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Transforming Troubled Schools
Can the world shift on such a simple question? Imagine yourself sitting eye-to-eye with a kid in trouble and that’s the first thing you ask. No lecture, no sarcasm, no judgment, no explosion of lost patience and a cry of “Why did you do that?” Just: What happened?
And then you wait for an answer. When it comes, however haltingly, you press gently and firmly on, still without judgment, just the need to know:
What were you thinking at the time?
What have you thought about since?
What do you think you need to do to make things right?
These are the four basic questions of restorative practices, a movement slowly transforming troubled schools and troubled communities around the globe — a movement replacing zero tolerance and other punishment-based and wildly ineffective practices that increase people’s feelings of separation and alienation from one another.
“I found myself running down the hall all the time because of fights,” Rhonda Richetta told me, speaking of her early days as principal of Baltimore’s City Springs School, a K-8 school in a tough inner-city neighborhood. “I would look at kids’ faces. Everyone looked angry, like they didn’t want to be here — adults and children both.”
In poverty-wracked neighborhoods, this is the American school system. “Education” takes place in a context of anger, violence, intimidation and arrest. The kids are struggling not to learn but “just to survive,” as Ted Wachtel, founder and director of the Bethlehem, Pa.-based International Institute for Restorative Practices, put it.
“How as a society can we live with that?”
At City Springs, one of four charter schools run by the Baltimore Curriculum Project, Richetta had no intention of living with the situation she had just walked into. This was in 2007. In her quest to change the environment of her school, she learned about IIRP and took training in restorative practices, an extensive philosophy of community-building based on respect, listening and truth-telling rather than punishment. Unlike traditional methods of keeping order in troubled schools, restorative practices require everyone’s full participation, not merely their obedience. It’s a philosophy of “high limit-setting and high encouragement,” Wachtel said.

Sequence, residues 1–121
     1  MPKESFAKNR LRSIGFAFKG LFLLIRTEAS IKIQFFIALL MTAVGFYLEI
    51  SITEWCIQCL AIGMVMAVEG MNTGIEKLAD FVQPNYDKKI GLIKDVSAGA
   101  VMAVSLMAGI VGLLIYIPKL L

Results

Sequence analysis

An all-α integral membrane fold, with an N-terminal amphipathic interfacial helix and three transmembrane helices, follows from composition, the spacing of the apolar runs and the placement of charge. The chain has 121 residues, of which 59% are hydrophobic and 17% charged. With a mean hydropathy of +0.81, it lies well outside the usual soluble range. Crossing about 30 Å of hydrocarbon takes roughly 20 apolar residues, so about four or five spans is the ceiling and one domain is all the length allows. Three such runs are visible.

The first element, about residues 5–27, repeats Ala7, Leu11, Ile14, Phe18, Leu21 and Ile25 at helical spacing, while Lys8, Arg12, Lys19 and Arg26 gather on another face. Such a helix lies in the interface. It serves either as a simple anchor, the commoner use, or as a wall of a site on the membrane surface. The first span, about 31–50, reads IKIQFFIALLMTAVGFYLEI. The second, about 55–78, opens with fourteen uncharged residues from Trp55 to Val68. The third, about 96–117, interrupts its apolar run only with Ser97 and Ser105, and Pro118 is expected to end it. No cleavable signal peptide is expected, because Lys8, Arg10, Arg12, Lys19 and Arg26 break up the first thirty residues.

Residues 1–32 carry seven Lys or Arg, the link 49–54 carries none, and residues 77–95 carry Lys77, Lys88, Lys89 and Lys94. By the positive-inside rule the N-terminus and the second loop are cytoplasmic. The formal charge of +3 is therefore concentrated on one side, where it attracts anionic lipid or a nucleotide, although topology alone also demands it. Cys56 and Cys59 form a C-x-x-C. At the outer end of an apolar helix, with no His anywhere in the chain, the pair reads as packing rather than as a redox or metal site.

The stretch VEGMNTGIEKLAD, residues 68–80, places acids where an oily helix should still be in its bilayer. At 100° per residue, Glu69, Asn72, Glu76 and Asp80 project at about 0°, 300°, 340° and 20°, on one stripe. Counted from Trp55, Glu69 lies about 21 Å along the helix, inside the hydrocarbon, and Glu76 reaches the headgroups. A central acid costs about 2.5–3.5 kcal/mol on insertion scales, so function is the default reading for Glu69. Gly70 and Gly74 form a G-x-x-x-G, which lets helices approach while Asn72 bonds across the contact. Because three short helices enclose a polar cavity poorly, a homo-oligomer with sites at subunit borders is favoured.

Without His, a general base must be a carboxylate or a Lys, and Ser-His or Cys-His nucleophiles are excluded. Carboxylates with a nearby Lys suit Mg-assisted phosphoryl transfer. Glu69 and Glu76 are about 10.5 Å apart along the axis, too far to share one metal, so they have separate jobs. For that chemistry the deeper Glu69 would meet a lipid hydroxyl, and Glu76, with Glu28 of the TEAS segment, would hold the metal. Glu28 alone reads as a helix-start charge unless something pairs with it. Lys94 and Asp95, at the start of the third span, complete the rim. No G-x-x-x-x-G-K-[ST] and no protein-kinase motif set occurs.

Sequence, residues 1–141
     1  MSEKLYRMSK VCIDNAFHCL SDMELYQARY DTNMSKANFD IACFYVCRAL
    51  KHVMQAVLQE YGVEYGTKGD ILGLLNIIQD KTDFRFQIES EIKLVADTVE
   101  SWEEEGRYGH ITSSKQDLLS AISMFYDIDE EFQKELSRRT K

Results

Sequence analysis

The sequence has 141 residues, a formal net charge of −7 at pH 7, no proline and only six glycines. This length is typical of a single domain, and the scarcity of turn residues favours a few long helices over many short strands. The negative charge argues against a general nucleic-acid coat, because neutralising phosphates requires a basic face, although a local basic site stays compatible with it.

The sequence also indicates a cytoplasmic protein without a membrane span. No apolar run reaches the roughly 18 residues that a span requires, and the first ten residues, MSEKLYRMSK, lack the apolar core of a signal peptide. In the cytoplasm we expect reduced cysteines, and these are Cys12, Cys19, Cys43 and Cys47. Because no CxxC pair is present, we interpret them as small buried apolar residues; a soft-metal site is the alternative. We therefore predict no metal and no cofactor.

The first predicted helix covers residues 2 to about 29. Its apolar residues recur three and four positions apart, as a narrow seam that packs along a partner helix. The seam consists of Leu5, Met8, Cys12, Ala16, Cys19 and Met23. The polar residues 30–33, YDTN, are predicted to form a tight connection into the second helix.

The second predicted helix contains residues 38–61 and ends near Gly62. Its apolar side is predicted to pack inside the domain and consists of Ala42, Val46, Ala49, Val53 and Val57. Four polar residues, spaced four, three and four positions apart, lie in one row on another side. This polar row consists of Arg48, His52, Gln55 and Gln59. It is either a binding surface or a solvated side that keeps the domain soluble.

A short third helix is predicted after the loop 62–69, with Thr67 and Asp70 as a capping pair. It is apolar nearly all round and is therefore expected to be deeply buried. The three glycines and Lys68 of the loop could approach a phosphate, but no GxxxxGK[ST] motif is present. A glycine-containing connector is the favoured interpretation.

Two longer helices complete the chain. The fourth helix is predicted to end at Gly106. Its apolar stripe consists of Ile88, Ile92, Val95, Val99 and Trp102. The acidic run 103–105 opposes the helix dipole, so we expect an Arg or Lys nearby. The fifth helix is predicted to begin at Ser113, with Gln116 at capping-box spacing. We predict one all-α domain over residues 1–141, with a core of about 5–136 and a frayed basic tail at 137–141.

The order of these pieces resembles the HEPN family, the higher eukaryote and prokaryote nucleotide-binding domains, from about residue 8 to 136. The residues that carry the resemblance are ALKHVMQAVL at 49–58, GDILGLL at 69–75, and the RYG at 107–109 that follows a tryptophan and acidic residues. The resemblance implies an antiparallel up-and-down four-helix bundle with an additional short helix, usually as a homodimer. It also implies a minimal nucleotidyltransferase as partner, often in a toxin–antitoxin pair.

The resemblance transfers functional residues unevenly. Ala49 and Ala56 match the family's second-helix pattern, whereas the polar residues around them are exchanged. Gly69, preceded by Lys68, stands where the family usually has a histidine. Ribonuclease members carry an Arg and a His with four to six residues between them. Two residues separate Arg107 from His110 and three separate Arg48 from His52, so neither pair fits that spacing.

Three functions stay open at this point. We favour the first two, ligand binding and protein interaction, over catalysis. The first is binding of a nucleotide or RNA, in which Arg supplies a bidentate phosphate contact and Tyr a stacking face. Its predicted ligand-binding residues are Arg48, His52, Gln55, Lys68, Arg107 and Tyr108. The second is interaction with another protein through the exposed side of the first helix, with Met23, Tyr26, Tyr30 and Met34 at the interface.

And Richetta was positive it would work at City Springs. Five years later, with her vision firmly in place, the effectiveness of restorative practices is obvious. I spent half a day at City Springs recently, as part of my own determination to see how people are creating peace on our planet. I sat in “proactive circles” with first-graders and eighth-graders, listening and participating as the kids checked in and talked about how they were doing that day. One teacher said the proactive circle, held not in response to a problem but simply to get the day started, was like taking a daily vitamin. Kids and adults connect with each other and a context of respect and mutual cooperation is established anew.
What I was part of that morning was the result of five years of painstaking effort, on the part of Richetta and others at the school, to apply restorative practices in every situation: five years of patience, listening and asking “what happened?” This question “jolts the kid,” Richetta noted. Suddenly the boy or girl who has gotten into trouble realizes, “Oh, she wants to hear my side” — and begins talking, and becomes part of the solution, not the problem.
When such a program is in place, it seems like common sense itself. But five years ago, Richetta explained, she faced enormous resistance — not from the kids, who hungered to tell their truth, but from the teachers. Many of them couldn’t believe talking and circle work would be supplanting suspensions. Lots of them left. But she held her ground.
One story she told me illustrates the depth of the change at City Springs. At Perkins Homes, the nearby public housing development where most of the students live, two groups of boys from different courtyards developed an intense, violent rivalry, and daily fighting was the norm. The assistant principal at the time was adamant that the animosity among the boys would overwhelm any circle process and the two groups had to be kept separated. The school put a lot of energy into doing so, but things eventually erupted anyway.
“Finally I said, I don’t care what anybody says, we’re putting them all in a circle,” Richetta said. The idea of a conflict circle is to get enemies to listen to one another, no easy task, and “at first it didn’t go well. We had to keep pulling disruptive kids out.”
But eventually the two sides began talking and “what started to come out of the whole conversation was how ridiculous it was. They were fighting over nothing — it was amazing to me to sit there and hear them. This is so ridiculous. These boys were fighting and wanting to kill each other over nothing!”
And gradually this awareness dawned on all the participants. Finally one of the principle ringleaders stood up and shook a rival’s hand, and others followed suit. “These kids became friends at school,” Richetta said, “but when they went into the neighborhood they had to pretend they were enemies.”
And this is why the peace-building process has no boundaries. “The word about restorative practices should be spread around the world,” Richetta said. “I’m grateful for what it has done to transform this school. What if we could transform this community, this city, the whole nation?”